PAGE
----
Review of Pure Dynamite
By Ernie Santilli
Wrestlers"off duty" are all nice fun-loving guys with a pretty normal wife-and-kids-type family relationship . . .
Tag team partners, especially those related by blood, have a very special bond, one that makes them tight as "twin sons of different mothers" . . .
With the huge money made working in the Big Two, a retired grappler can invest the millions he's socked away and live high on the hog the remainder of his life . . .
The ring has a lot of give, so it's not like anyone gets seriously injured from the daily grind associated with bouncing around the mat . . .
Wrestling biographies conclude with a happy ending, leaving readers with lots of warnth and compassion for the subject . . .
If you agree with all or any of the above, I'm afraid I've got a reality check even Roddy Piper can't cash: some of the above applies to some of the mat athletes, but those are the fortunate few. In many cases, veterans of the ring wars are battered, broke, divorced, estranged from their children, grudge-bearing, or half-forgotten by a business notorious for its fickleness and failure to recognise its past. Tom Billington managed to hit the proverbial grand slam by fitting all of those dsecriptions, as illustrated by his unflinching book, Pure Dynamite.
"Who is Tom Billington?" you might ask. That is a far more complex question than it would appear. In the ring, Tom was known as the Dynamite Kid, one of the most fearless, innovative, tough, powerful junior heavyweights ever to compete at international level. Some would say his battles with Japan's first Tiger Mask (Satoru Sayama) were the top pro wrestling matches in history. Having seen tapes, it's difficult to dispute that claim.
But Dynamite did more than accumulate individual accolades. Teaming with his cousin Davey Boy Smith, Kid had remarkable success in the tag ranks as well. Superstars in both hemispheres, the British Bulldogs reached their Western pinnacle by holding the WWF duo belts for over nine straight months in 1986-7. No they weren't the "greatest of all times"; however, when both men were "on" they very well may have been the best team on the planet that given night; certainly worlds better than most of the flavor-of-the-month combos we hear TV announcers constantly overrate today.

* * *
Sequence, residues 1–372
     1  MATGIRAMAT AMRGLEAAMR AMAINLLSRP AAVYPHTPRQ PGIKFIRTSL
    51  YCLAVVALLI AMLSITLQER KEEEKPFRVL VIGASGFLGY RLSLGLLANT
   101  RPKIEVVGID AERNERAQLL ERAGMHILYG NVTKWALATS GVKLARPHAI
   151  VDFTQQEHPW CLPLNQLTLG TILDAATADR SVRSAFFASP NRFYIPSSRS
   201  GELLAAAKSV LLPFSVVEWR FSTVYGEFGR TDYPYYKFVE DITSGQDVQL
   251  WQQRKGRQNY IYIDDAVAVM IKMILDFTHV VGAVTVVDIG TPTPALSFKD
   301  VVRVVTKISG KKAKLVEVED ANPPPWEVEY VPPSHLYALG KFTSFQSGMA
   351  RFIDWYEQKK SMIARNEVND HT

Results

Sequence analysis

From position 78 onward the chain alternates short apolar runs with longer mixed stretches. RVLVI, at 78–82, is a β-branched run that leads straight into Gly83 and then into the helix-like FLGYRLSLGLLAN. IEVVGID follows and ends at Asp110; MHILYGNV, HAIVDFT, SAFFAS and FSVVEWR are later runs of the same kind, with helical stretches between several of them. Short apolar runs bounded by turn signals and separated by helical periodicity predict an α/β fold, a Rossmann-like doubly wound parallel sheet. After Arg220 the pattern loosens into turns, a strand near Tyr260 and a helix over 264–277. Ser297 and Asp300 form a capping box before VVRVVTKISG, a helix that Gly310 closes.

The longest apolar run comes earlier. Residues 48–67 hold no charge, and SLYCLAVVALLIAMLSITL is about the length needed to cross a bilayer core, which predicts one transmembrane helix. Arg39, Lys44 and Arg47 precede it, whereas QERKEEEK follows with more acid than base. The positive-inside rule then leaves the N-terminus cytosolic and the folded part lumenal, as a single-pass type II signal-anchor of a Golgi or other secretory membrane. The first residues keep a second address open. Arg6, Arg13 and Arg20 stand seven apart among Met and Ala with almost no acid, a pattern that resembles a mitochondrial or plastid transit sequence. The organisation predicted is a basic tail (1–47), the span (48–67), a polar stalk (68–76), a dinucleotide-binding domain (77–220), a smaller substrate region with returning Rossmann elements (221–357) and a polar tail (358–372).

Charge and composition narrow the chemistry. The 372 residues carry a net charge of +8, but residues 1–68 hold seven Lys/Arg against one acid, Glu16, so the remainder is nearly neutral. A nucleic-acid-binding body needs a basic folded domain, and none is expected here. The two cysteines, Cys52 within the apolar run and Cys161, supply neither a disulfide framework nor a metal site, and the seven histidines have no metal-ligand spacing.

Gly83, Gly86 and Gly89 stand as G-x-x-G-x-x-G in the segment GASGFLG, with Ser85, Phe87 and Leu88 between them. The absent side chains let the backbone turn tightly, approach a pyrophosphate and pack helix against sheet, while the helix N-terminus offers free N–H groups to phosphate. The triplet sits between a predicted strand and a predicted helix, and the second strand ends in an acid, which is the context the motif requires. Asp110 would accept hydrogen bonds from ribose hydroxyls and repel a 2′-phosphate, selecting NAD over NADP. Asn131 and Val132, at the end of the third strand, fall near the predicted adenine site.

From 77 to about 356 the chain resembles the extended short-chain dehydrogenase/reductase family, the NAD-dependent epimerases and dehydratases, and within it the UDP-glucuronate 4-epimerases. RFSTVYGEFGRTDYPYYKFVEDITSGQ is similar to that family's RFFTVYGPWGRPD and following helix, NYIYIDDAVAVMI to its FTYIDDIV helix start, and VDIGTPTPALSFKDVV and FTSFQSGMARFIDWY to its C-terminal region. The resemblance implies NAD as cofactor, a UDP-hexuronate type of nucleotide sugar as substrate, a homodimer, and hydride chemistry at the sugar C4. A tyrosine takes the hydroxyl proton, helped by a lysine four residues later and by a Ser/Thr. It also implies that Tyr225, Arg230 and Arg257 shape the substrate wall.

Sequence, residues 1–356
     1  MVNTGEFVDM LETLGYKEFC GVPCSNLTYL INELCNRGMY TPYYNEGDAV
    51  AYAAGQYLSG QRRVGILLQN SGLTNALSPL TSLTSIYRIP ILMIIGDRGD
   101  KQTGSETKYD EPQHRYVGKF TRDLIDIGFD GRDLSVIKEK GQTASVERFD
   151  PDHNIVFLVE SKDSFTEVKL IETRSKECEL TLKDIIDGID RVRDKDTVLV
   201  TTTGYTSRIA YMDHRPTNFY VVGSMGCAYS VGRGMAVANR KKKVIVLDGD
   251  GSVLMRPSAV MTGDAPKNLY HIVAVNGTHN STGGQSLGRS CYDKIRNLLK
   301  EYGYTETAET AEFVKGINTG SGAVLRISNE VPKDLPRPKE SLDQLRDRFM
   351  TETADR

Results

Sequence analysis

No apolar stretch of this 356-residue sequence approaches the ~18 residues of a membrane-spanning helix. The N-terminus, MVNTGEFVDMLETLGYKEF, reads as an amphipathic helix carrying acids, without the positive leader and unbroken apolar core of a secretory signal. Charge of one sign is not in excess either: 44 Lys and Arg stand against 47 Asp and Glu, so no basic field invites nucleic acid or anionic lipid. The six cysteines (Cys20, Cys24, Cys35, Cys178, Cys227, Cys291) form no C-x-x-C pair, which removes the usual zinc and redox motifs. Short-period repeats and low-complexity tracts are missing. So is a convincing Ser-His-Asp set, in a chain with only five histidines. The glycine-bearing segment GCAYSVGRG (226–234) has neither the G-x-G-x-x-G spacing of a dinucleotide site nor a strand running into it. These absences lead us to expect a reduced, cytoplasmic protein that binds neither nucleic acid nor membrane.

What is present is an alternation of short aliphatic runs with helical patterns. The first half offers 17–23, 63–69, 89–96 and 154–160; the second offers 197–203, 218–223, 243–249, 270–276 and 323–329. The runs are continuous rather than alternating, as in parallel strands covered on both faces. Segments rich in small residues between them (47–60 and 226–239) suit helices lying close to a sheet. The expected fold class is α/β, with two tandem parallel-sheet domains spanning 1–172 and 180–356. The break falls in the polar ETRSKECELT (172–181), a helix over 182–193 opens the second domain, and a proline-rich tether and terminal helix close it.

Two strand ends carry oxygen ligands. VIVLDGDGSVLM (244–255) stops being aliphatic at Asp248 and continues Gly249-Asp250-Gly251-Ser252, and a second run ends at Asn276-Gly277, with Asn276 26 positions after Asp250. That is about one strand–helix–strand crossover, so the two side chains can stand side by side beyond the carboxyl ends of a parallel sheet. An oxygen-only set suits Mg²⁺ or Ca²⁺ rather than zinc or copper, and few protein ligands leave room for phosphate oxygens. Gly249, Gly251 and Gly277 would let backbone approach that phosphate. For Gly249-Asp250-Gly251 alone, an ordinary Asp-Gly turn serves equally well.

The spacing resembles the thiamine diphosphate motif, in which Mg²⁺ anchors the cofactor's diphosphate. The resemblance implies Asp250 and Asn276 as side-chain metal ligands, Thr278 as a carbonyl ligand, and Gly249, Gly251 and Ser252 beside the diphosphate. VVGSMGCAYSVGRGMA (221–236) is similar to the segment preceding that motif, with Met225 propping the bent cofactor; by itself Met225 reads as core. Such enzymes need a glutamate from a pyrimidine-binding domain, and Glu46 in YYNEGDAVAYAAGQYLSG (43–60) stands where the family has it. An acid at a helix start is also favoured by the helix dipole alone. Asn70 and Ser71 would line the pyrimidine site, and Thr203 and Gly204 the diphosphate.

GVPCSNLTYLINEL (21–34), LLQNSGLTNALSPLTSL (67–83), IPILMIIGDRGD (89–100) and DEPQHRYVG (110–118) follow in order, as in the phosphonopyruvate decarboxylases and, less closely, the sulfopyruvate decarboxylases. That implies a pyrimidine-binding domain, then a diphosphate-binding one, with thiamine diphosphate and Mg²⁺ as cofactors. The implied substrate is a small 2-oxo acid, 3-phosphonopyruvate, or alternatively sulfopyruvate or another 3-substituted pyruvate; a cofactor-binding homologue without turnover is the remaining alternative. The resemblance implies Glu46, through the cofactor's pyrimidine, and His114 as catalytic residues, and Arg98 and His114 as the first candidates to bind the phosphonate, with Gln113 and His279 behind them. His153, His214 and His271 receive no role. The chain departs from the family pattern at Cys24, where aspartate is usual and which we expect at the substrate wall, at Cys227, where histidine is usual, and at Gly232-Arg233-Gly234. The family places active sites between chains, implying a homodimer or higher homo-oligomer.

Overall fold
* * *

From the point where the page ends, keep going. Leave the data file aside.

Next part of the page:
So that's who the Dynamite Kid is? Not exactly. Pure Dynamite is a revealing study of the man behind the Kid, of the person who was and is Tom Billington the rest of the day. His story is more gritty than pretty.
The son of a miner who boxed professionally, young Tom put up the dukes early and often, frequently getting punished in or sent home from school. A small though scrappy lad who excelled at soccer, rugby and gymnsatics, Master Billington switched from boxing to wrestling at the ripe old age of 13. It was a decision that would take him around the world, from poor to rich and back again. At age 19, he left for Canada "for a few weeks" with 20 British pounds in his pocket, eventually returning to England in basically the same financial shape - 13 years later.
Pure Dynamite is the brutally frank account of Billington's saga, tracing his journey from Britain to Canada, to Japan, the the WWF, and home again. It is not, however, a chronicle of cherished friendships and endless glamour. And that's what makes it so fascinating.
Although never catty or gossipy, Dynamite bluntly discusses behind-the-scenes hypocrisy, backstage fist-fights, steroid abuse (including his own), a broken marriage, and double-crossing promotional agents. He's particularly generous with his rips on Davey Boy and Mrs Smith, whom he considers to be backstabbers to the Nth degree.
Also eye-opening is Billington's take on the Hart family, from Stu on down, detailing some rather bizarre behaviour amongst the Canadians. Strangely, despite claiming repeatedly Bret is a good friend, Tom paints a less-than-flattering picture of the Hitman.
Most telling is Billington's recollection of pranks he pulled on fellow wrestlers, gaining a notorious reputation for such deeds. Far from harmless practical jokes, his antics often were mean-spirited and cruel.
In fairness, however, it should be pointed out that Tom's sincere desire to entertain the fans, regardless of the physical consequences to himself, erase any notion he is a completely heartless cad. For wowing ringsiders by taking the highest riskes in and out of the ring, Tom paid dearly. Today, at 41, he is wheelchair-bound, with little chance of ever walking again. Adds Dynamite: "But I'd do it all again and I wouldn't change a thing. No regrets. I had a blast."
Pure Dynamite is not for those who'd rather preserve idealistic notions about the mat game. The book is not meant as a sugary Valentine to the business or the Dynamite Kid Fan Club recruitment pamphlet. It's the refreshingly honest memoir of an enigmatic man who took the sport to another level. As such, Pure Dynamite is an absolute must for any serious wrestling fan.